There is no country as important to German enterprises as the Middle Kingdom: In 2018, the two countries reached a trade volume of EUR 199 billion Euro (USD 225 billion) – making China Germany‘s biggest trade partner for the third time. Chinese exports reached EUR 106 billion, while German exports totaled EUR 93 billion.
This article sheds light on the consequences for German exports to China, should the Sino-American trade war further escalate. For an article about the investment climate for German SMEs in China during the current trade war, click here.
The Trade War and Its Risks for German SMEs
In 2018, the trade volume between the US and China totaled USD 660 billion. The US imported USD 540 billion worth of goods from China. The Chinese demand for American goods reached USD 120 billion.
The Chinese trade surplus is driving demand for foreign goods. Less trade with the US may lead to less Chinese demand for high quality products from Germany. As Bloomberg reported, the trade war is already having a negative impact on sales of German cars in China.
Risk factor investment drought
Another consequence is that Chinese foreign direct investment (FDI) in Germany might dry up, due to shrinking surpluses from the US. In 2018, Chinese enterprises invested EUR 17 billion (USD 19 billion) in Europe. This was 40 per cent less than the previous year.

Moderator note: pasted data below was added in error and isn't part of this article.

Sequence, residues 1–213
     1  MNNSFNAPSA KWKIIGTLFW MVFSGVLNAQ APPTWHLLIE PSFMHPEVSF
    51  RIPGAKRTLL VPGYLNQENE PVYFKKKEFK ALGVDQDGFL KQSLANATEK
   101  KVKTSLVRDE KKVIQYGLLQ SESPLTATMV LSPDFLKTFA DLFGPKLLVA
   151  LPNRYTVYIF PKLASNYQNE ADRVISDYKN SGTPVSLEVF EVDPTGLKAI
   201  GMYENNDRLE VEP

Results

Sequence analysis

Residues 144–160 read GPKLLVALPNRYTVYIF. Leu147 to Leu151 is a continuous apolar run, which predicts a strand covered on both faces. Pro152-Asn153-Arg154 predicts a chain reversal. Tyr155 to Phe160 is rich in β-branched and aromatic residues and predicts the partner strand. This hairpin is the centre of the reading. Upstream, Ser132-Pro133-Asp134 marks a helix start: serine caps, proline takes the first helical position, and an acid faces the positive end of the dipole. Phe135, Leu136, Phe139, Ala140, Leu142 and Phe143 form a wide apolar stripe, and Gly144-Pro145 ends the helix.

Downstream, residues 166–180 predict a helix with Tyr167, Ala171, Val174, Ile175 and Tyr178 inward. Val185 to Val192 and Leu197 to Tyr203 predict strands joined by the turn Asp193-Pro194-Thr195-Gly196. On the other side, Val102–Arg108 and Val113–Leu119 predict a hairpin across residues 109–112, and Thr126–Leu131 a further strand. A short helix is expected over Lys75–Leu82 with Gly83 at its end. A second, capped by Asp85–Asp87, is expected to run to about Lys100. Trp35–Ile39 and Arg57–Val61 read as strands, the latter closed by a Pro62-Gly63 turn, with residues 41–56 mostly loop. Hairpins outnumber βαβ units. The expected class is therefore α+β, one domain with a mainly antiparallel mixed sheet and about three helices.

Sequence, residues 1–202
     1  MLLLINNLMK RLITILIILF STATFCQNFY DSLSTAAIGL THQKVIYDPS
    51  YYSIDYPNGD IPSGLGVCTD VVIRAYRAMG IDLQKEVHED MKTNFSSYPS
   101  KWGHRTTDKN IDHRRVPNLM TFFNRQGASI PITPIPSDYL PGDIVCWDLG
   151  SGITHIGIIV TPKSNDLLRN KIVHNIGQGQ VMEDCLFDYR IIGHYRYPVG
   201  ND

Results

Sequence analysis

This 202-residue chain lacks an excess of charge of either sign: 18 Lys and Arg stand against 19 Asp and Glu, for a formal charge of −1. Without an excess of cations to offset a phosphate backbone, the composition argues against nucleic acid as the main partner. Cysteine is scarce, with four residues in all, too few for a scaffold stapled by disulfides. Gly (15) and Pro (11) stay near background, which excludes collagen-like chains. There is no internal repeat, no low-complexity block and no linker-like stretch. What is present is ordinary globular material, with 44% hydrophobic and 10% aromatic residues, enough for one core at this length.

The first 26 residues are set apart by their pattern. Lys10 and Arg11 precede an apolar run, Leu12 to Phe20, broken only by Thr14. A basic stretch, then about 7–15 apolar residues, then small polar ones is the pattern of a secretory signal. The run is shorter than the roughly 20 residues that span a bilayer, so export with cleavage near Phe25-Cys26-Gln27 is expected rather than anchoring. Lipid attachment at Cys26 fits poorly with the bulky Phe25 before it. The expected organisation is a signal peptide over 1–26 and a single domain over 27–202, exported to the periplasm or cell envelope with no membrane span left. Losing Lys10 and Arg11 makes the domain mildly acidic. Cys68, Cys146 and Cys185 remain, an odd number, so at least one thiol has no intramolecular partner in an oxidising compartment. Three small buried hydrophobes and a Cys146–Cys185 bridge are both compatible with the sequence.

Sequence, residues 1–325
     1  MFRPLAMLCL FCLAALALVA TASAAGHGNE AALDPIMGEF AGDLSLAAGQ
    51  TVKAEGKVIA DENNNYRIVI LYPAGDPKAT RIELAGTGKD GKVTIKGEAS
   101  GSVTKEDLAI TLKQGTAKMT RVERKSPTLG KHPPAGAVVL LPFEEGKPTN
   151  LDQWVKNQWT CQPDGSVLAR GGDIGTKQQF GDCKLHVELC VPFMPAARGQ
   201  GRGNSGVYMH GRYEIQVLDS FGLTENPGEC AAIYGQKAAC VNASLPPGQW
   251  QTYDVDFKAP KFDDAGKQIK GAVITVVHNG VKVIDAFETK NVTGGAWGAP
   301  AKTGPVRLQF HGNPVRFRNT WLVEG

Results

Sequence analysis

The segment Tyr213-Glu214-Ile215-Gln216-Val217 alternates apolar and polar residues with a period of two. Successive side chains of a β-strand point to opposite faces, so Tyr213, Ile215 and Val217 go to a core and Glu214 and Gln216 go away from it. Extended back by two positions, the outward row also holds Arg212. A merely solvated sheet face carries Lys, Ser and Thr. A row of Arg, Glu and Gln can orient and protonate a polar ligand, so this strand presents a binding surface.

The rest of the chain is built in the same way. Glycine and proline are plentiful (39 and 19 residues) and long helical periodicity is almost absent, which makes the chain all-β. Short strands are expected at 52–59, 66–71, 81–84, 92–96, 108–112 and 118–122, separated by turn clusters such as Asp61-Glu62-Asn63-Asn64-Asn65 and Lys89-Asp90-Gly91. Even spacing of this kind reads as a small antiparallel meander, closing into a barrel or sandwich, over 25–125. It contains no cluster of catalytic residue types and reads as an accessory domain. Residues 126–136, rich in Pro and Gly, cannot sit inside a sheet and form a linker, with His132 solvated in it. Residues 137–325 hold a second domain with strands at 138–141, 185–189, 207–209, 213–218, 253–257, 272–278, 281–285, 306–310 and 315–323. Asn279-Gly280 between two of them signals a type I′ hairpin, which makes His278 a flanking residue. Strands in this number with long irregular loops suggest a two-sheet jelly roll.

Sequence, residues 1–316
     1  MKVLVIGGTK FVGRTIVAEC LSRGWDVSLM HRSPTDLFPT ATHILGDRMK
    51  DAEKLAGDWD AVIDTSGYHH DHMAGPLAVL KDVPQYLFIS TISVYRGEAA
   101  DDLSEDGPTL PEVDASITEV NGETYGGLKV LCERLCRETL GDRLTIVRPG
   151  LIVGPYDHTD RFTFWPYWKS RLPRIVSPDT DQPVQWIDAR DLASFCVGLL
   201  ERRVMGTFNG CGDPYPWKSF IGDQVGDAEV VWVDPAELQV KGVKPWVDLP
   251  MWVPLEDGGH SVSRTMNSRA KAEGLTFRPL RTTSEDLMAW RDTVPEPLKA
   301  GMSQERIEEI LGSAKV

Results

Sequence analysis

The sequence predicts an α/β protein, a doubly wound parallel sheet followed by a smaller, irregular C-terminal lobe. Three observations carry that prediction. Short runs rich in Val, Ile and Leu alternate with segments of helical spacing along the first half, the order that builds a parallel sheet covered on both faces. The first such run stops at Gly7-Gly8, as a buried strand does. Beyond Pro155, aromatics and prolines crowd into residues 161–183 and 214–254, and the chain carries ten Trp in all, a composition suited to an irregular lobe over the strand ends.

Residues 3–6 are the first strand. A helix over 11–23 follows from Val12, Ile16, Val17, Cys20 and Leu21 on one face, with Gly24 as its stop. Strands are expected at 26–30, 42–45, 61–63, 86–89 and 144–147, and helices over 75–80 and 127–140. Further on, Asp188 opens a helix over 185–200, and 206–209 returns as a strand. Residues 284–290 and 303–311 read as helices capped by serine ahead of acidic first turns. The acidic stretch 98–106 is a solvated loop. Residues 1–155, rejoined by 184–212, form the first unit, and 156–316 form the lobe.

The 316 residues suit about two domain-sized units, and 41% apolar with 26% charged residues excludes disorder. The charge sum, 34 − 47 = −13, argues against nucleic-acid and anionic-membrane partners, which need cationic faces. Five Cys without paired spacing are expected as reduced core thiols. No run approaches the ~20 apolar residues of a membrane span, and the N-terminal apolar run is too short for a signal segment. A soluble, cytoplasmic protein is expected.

The risk for German exports is not unsubstantial: Electronics, cars and machinery account for more than two thirds of German exports. German SMEs specialize in these areas and provide high quality products – though at a high price. Should China lose out on their US surplus, customers might choose domestic alternatives.
When two People quarrel, German SMEs rejoice
However, less trade between China and the US also creates great opportunities for German SMEs: On May 10 2019, the US government imposed a 25 percent tariff on Chinese goods worth USD 250 billion. President Donald Trump has since announced that the remaining exports of 325 billion USD might also be taxed at 25 percent:
For 10 months, China has been paying Tariffs to the USA of 25% on 50 Billion Dollars of High Tech, and 10% on 200 Billion Dollars of other goods. These payments are partially responsible for our great economic results. The 10% will go up to 25% on Friday. 325 Billions Dollars….
— Donald J. Trump (@realDonaldTrump) May 5, 2019
The trade volume between the US and China did, indeed, shrink significantly: During the first four months of 2018, the trade volume reached 206 billion USD. In 2019, it dwindled to 163 billion USD.
Airplanes, soybeans, automobiles and semiconductors make up 28 percent of US exports to China. With the exception of soybeans, German SMEs reach a high level of competitiveness in the remaining three areas. Therefore, especially suppliers of Airbus, semiconductor manufacturer Infineon and German auto companies might profit from an escalating trade war.